How to Clean a Clogged Gas Stove Burner that Won’t Light

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If you have a gas stove, no doubt you are aware of their many advantages. Gas stoves heat up nearly instantly. They can be used to cook food even when the power goes out. In many cases, they are more affordable to cook with than electric ranges in terms of utility prices. But gas stoves also come with a unique challenge: a need to clean the burners above and beyond merely scrubbing spills off the grate. Each gas burner is actually made up of dozens of little holes or nozzles where the gas comes out in a controlled circle underneath each pan.

Unfortunately, these nozzles can slowly fill with food and old grease until they clog and gas can’t come out. When this happens, your gas burners may light (and cook) unevenly or may stop lighting at all. You may have tried a quick swipe with a sponge or a paper towel to clear up the problem. But if your gas stove burners are clogged, there’s only one procedure that’s sure to clear them up.

Let’s dive right into the process of cleaning your gas burners so they’ll cook evenly again. 

Check for Specific Instructions

The first step for any stove is to check your user’s manual. If you don’t have the original (and really, who does?) you can usually find a digital copy online by looking up the make and model of your stove. Just in case, look into their printed instructions for how to clean the burners. The manual may suggest specific cleaning products or methods to clean your gas stove burners. But don’t worry if you do not find specific instructions. The following steps work for most gas burners because of how gas-top stoves are inherently designed. 

Fill a Sink with Hot Soapy Water

The best way to start this repair is to fill half your kitchen sink with hot, soapy water. There are several elements of your stove that you may want to soak, including the clogged burner. A warm sink ready to go will seriously speed up your progress. For even better scrubbing and debris-clearing action, add some white vinegar to the soapy water as well. It won’t smell great, but it cleans and resolves clogs like nothing else. 

Remove the Burner Grate

Your gas burner is made of several layers. Most gas stoves have a grate on top because the gas burners aren’t fit to lay pans directly on top of the flame. This top grate is usually sturdy, heavy, and can come in multiple pieces. Remove all of the grate pieces between you and the burner you’re working on. Set the burner grate aside.

Because burner grates get spilled on and are often covered in cooked-on food, now is a great time to soak and scrub your burner grate. Take this repair opportunity to make your kitchen cleaner. 

Lift Off the Burner Cap

The next step is to remove the burner cap. This is a small ceramic disk that sits directly on top of the flame-jetting part of the burner. If your gas stove has burner caps (and most do), the cap looks like a natural and finishing part of the design. The burner cap is not secured, so you can simply reach in and lift it right out. With the burner cap in hand, drop the cap into your sink of warm water. It’ll be easier to clean and shiny to return to place when your repair is complete.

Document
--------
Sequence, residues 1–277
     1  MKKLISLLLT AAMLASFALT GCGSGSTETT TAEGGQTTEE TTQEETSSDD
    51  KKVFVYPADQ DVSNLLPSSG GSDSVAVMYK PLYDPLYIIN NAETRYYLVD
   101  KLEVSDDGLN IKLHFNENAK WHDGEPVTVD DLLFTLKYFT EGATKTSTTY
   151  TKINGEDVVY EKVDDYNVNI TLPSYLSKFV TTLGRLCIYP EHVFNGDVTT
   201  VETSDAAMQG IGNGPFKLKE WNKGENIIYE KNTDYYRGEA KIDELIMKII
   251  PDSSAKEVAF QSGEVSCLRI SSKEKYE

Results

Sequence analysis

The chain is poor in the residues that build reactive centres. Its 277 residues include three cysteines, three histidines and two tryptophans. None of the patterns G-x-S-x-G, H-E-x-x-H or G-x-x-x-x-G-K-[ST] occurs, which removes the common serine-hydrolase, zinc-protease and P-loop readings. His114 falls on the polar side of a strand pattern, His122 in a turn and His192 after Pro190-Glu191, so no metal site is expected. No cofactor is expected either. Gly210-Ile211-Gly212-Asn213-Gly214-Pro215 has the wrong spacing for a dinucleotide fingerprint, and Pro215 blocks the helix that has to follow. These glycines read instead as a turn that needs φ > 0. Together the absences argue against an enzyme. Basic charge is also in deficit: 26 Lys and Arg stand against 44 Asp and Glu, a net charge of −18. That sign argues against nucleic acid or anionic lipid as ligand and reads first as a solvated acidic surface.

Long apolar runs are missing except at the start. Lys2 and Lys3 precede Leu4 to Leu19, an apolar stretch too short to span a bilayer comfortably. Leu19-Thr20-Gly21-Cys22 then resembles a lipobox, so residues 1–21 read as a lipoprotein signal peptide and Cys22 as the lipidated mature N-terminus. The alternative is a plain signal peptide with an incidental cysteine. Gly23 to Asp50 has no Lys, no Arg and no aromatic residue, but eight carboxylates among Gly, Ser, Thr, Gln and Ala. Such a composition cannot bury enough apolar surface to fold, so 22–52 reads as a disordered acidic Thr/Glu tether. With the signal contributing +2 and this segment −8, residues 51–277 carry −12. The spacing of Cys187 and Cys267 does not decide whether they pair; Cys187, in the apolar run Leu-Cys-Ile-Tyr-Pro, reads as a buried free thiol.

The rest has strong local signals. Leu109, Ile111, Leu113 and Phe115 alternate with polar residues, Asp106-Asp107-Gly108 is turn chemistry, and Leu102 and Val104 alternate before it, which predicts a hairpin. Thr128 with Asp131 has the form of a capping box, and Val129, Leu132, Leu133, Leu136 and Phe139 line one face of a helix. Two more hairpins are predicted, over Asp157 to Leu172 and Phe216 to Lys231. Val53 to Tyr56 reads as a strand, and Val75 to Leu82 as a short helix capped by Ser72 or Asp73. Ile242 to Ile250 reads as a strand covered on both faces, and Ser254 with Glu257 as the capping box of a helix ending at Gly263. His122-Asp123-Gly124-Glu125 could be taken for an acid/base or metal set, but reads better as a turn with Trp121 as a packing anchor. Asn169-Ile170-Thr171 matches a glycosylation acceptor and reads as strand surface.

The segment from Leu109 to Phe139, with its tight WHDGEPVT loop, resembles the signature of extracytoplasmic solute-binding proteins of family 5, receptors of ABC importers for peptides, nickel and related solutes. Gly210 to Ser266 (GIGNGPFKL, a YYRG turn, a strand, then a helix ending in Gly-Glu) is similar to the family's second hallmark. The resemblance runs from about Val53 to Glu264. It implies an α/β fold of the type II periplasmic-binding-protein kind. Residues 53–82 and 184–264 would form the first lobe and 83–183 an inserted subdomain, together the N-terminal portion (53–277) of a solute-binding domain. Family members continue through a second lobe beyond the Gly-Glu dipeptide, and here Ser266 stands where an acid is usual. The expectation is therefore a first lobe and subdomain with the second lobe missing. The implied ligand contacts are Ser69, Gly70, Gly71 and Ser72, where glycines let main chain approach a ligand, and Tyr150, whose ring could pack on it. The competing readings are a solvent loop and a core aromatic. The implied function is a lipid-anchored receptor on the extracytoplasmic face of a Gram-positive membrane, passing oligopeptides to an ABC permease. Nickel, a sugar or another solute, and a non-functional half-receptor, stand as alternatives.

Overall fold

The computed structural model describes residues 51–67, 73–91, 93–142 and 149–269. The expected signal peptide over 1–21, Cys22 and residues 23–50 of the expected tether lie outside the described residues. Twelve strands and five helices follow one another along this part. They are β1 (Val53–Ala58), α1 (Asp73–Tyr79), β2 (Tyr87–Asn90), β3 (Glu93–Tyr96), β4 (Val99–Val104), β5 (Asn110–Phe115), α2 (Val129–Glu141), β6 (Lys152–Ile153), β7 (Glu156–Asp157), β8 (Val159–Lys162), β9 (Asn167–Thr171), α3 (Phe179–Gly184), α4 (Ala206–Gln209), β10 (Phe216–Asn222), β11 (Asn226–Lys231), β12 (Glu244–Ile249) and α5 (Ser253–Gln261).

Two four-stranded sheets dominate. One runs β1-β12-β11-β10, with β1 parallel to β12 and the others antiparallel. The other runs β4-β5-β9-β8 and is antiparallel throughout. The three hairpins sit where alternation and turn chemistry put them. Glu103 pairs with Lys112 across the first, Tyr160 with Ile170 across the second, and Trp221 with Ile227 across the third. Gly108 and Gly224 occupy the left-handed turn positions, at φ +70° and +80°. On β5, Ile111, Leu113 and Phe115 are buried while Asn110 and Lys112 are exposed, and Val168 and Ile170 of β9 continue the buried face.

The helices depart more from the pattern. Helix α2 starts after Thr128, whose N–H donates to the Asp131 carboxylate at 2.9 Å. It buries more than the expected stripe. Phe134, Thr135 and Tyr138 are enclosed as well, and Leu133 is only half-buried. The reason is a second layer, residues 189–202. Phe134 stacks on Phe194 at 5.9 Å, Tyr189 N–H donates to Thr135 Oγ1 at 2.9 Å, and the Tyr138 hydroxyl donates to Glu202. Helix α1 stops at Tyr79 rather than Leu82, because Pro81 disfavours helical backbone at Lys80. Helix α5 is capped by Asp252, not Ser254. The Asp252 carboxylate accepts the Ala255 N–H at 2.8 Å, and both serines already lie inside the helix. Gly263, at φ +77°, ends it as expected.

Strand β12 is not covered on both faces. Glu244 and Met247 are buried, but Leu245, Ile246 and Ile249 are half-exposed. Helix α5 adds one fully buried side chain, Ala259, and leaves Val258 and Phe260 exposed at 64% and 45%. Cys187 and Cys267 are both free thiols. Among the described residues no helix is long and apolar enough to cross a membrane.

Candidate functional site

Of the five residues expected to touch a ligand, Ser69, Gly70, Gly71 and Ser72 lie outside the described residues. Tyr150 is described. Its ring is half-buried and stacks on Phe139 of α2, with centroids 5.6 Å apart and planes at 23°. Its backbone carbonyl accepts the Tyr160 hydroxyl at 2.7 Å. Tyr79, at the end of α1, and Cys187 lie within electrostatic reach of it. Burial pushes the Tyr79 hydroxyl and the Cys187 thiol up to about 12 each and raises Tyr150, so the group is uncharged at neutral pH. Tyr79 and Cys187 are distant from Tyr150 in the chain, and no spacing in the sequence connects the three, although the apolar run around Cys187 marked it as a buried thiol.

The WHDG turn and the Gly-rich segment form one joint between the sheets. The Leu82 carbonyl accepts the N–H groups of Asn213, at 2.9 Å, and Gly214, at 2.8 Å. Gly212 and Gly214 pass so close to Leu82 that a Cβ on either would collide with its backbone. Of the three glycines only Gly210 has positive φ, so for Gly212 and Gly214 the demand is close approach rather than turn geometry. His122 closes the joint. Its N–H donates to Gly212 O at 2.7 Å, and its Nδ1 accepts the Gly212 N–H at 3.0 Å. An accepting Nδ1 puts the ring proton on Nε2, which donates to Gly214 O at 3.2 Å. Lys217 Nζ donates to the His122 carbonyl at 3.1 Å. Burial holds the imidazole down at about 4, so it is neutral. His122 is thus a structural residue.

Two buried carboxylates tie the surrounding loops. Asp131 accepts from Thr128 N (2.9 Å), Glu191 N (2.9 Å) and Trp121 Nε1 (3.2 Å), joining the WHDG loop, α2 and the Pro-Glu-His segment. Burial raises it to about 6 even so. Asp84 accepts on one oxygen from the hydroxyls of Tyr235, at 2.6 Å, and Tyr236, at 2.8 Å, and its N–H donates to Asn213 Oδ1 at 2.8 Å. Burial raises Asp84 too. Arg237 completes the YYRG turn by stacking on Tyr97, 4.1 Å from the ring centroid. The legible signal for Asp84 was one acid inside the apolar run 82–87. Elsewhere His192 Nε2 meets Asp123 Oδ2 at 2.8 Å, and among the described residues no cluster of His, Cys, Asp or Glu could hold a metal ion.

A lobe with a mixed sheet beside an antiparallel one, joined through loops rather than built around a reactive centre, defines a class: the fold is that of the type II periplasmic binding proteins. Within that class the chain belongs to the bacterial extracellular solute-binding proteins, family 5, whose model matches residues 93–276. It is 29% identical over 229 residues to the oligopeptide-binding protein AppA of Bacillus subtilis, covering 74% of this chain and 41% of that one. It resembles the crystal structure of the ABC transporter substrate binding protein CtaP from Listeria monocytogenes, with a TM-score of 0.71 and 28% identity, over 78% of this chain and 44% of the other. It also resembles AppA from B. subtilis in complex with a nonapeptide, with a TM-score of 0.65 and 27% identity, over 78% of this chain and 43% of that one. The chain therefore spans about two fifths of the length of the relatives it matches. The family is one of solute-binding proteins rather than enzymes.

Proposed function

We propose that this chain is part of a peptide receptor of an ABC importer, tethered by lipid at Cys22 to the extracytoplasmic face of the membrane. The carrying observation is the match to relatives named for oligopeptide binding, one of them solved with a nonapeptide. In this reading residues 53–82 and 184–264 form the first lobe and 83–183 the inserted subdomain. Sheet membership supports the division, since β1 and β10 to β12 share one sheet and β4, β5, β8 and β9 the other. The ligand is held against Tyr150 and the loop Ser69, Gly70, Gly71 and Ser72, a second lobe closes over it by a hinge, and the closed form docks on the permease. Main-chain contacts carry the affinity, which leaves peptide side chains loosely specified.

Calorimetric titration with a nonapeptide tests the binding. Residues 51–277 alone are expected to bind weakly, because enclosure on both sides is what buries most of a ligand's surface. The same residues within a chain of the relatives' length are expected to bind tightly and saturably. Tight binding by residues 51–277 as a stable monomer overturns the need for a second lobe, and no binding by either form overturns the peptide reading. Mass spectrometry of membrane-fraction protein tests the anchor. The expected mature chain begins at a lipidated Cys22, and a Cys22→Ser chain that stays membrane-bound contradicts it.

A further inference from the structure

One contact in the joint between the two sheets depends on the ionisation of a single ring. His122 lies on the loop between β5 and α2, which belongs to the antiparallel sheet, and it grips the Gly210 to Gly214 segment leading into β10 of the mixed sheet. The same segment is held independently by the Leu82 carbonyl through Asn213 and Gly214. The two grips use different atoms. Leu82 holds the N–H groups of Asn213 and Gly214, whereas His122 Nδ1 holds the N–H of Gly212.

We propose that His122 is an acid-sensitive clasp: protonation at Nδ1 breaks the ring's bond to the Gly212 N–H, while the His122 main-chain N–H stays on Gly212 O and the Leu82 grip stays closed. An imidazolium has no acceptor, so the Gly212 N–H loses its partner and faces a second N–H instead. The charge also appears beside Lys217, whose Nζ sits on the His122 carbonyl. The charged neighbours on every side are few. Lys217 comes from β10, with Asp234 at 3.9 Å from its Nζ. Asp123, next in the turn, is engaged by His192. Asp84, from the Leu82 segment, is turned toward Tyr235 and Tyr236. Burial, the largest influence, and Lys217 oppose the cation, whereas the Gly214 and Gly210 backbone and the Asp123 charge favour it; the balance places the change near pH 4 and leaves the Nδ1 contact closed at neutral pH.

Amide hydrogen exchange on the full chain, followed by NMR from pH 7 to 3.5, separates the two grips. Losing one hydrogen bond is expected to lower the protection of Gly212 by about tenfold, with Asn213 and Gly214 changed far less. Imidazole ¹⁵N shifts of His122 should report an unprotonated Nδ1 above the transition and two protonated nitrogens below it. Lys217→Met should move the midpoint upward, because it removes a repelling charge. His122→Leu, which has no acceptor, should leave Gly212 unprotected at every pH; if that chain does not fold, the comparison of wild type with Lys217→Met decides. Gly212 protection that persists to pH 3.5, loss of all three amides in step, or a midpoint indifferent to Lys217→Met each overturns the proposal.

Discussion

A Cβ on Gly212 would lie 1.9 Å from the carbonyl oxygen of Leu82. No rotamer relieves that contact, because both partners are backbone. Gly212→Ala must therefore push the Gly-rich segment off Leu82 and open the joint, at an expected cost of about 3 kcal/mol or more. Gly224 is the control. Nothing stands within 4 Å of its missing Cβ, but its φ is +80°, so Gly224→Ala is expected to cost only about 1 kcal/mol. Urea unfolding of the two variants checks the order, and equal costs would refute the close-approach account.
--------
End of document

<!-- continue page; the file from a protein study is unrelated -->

Uninstall the Sealed Burner Base

Now turn your attention to the burner base. This is a metal disk that gas feeds into. It distributes the gas into a ring of channels that form the gas nozzles of the burner ring. In many models of gas cooktop stove, the burner base lifts out almost as easily as the burner cap. However, some models have one or two small mounting screws that will need to be carefully removed as you uninstall the burner base. Use a magnetic-tipped screwdriver, if possible, to help keep a hold of the small screws.

When the burner is loose, simply pull it out of the socket. 

Soak and Scrub

Next, drop your burner base into the hot water and wait 10 to 20 minutes for all the cooked-on grime to soak and soften. Now is a good time to scrub the grate and the burner caps, or clean other parts of the kitchen. Heck, you can go put your feet up and watch some television while the burner soaks.

When you come back, grab a bristle-style brush. A nailbrush or an old toothbrush could both do the trick. Load the brush up with soapy water and carefully scrub the entire burner base. Pay close attention to scrubbing the holes around the outside ring. It clogs in these holes that are causing your uneven heating or non-lighting burner problems. 

Apply Toothpick Treatment

When the burner is scrubbed completely clean, grab something small and pointy like a toothpick or the end of a paper clip. Use this small item to clear any final debris inside the little holes in your burner. The toothpick treatment ensures that if there are any really stubborn clogs of gelled, hardened, or charred material, you would be able to get it out in addition to soaking and scrubbing. 

Reinstall the Burner Base

When your burner base is completely clean, dry it fully with a towel and set it back into place. Make sure the burner base is perfectly aligned with the tube of gas underneath and any alignment marketings. If your burner base lifted out easily, then set it back in the same way. If the burner base was secured with mounting screws, now is the time to return those screws. 

Return the Cap and Grate

Finally, it’s time to rebuild your stove. With the burner base set into place, return the ceramic burner cap and make sure it settles completely. Then set the stove grate on top of everything else and settle it into the grooves that have always held the grate in place. 

Test Your Burner

Last but not least, test your success. Flick on that burner and enjoy the full cheery ring of flame that means even cooking and clean channels in your gas stove burner. For more helpful home appliance repair insights, contact us today!

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